ANCHORAGE, Alaska (KTUU) Sen. Mike Dunleavy plans to introduce legislation to restore the Permanent Fund Dividend (PFD) amount to $2,052, as originally calculated by the Alaska Permanent Fund Corporation.
"This bill will be pre-filed as soon as possible and I will ask for an expedited hearing when the Legislature convenes on January 17," said Sen. Dunleavy, (R-Mat-Su & Copper River Valleys.)
At a press conference outside the Fred Meyer store in Muldoon, Dunleavy said he hopes a companion bill will be filed in the House.
The senator would like the bill to be passed early in the session to allow the remainder of the PFD to be mailed to each Alaskan in early 2017.
Governor Bill Walker vetoed the Legislature's appropriation for this year’s payment, which will be distributed on Thursday. Given the state’s multi-billion dollar budget deficit, Walker cited the need to keep more money in the Permanent Fund’s earnings reserve to ensure that future generations of Alaskans get the annual payout.
Earlier this week Walker noted that the state’s budget has shrunk 44 percent in the past four years, while state officials have drawn $12.6 billion from savings accounts since 2013.
“Much as a family would after losing nearly 90 percent of its household income, Alaska must continue to make cuts, find new sources of revenue and use the interest from the wealth that we have accumulated,” he said.
Walker’s decision to keep nearly $667 million in the earnings reserve meant that instead of receiving PFD checks totaling $2,052, Alaskans will receive $1,022.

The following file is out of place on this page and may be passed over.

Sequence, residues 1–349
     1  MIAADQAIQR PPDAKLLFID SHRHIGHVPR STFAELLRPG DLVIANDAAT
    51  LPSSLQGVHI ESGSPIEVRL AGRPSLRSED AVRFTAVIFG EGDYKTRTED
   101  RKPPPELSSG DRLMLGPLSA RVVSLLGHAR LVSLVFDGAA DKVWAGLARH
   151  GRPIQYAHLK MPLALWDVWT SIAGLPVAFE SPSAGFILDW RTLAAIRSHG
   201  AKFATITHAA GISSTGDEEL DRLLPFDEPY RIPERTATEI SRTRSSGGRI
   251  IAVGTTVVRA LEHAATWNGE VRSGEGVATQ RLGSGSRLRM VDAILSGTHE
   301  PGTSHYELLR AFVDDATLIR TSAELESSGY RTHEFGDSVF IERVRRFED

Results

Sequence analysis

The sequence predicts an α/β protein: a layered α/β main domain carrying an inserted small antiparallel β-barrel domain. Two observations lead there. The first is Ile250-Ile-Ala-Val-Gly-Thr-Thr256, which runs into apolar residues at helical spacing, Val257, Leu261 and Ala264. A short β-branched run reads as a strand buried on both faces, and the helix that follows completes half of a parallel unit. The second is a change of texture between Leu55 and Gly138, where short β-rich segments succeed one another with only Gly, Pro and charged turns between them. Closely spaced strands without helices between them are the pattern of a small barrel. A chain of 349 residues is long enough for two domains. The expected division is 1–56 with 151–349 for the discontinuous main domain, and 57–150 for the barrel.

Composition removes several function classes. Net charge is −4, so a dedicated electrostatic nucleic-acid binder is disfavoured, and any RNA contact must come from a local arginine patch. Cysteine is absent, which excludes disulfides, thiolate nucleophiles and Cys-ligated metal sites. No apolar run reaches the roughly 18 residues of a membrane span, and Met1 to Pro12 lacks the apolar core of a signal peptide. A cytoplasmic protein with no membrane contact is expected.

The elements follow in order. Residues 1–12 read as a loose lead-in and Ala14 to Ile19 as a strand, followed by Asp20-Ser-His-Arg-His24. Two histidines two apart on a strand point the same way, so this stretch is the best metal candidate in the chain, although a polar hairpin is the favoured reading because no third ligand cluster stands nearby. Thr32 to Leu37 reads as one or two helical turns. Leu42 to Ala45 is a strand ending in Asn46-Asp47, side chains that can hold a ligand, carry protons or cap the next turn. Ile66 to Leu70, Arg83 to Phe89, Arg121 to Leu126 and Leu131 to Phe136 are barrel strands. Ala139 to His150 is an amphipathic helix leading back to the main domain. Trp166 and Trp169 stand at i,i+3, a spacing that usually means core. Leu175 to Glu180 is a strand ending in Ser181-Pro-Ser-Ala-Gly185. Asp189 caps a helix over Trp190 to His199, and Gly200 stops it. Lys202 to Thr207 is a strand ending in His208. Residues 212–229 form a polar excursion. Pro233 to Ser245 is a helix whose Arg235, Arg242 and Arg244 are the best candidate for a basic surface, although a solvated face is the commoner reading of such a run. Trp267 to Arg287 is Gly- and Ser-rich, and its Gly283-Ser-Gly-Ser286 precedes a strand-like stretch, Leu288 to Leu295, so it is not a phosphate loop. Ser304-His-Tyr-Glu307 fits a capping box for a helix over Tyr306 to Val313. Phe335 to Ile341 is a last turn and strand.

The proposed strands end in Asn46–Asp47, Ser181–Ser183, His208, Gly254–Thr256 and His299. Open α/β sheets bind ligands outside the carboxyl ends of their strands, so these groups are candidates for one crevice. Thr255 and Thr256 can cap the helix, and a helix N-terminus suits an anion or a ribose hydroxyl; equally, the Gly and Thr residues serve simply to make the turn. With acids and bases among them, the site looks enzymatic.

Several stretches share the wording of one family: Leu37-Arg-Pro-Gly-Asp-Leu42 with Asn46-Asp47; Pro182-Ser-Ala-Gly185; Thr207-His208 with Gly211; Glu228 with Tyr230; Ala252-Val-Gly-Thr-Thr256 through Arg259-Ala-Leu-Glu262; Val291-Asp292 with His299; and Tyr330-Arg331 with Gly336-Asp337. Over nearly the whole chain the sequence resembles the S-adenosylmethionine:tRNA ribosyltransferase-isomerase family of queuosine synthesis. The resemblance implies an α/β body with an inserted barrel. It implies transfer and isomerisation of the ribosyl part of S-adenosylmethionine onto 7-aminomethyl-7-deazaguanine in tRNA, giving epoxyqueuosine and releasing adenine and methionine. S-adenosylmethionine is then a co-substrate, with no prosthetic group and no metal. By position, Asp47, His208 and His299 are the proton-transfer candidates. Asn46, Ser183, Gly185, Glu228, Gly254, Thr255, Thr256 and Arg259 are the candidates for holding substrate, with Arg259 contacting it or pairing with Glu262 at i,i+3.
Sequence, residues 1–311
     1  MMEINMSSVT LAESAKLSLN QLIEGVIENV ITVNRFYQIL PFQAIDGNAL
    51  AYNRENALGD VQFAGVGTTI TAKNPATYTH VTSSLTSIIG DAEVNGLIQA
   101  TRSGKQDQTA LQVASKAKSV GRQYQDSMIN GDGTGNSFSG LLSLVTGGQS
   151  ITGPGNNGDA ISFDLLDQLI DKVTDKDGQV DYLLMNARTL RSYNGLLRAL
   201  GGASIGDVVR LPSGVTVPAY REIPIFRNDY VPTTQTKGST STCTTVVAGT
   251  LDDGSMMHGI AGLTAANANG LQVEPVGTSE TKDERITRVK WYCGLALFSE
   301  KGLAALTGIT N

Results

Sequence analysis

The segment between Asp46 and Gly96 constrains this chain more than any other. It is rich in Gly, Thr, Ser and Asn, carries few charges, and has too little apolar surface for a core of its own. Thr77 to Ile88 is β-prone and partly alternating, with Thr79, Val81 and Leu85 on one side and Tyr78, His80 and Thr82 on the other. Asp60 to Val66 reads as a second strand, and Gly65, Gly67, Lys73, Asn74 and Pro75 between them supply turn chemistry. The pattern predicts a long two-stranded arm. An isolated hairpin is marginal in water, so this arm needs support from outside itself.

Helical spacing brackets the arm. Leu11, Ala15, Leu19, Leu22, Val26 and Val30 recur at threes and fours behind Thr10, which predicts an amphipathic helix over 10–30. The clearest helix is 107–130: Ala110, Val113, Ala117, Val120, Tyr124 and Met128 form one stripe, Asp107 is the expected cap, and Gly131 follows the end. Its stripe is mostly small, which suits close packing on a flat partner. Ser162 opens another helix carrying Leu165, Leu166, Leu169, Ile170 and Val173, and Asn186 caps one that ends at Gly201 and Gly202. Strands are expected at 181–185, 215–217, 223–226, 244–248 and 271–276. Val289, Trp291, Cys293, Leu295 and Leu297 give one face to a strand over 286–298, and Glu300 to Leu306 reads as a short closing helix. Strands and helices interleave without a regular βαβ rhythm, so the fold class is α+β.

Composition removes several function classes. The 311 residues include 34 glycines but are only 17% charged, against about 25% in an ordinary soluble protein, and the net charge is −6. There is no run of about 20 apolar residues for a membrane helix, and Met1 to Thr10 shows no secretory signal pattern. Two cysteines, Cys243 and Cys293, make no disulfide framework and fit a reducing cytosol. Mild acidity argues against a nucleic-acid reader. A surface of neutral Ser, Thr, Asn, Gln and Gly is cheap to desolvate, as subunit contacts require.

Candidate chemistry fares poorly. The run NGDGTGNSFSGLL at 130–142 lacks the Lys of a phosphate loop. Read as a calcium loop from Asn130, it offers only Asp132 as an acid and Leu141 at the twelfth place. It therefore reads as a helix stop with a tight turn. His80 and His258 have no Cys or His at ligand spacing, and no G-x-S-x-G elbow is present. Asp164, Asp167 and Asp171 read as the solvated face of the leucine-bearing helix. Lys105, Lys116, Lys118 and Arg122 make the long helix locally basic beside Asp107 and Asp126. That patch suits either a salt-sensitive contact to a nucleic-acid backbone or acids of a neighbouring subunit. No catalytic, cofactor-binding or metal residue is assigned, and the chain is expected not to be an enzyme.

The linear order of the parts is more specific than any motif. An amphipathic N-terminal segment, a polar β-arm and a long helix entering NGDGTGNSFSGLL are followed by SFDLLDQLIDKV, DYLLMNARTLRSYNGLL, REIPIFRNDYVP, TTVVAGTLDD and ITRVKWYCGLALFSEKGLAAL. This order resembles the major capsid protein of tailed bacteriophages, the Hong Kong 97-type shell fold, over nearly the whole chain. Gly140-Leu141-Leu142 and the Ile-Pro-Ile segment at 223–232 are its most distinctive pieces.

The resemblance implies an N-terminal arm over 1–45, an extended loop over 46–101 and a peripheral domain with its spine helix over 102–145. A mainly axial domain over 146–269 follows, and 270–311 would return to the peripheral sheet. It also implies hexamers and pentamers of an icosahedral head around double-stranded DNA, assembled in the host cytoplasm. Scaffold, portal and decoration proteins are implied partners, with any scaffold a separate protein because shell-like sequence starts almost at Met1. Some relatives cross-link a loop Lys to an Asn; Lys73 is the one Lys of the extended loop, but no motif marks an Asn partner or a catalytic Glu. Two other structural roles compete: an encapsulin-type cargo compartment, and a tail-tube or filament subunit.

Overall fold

“I know my decision to veto the dividend appropriation has not been popular. It was an action I did not make lightly,” Walker said.
Reacting to Dunleavy's announcement about his PFD bill, Walker said through a spokeswoman that with Alaska "facing its gravest fiscal crisis in history, my administration and I remain focused on enacting a complete plan that will bring economic stability to this and future generations of Alaskans.”
Dunleavy acknowledged on Wednesday that Alaska is experiencing budget deficits of approximately $3.5 billion annually due to low oil prices and that lawmakers must come up with a fiscal plan to close the gap. But he said people need their full PFDs and now is not the time to cut them.
"While additional revenue in the form of taxes and use of the Permanent Fund may be inevitable in the future, Alaska's private economy is currently suffering. Thousands have lost their jobs, representing billions in lost income. In addition, individual Alaskans – some of whom were laid off as a result of the crash in oil prices – have struggled to makes ends meet."
Dunleavy said Alaska families and businesses are “teetering on the brink.”
A lawsuit has been filed to determine if the governor had the legal right to veto a portion of the dividend. While it is unclear if the courts will restore the vetoed amount, Alaska residents will shortly be issued a check for half the amount calculated by the APFC under state law and approved by the Legislature.
"It's the wrong time to take an additional $666 million out of an already struggling private economy and an additional $1030 out of the pockets of Alaskans," Dunleavy said.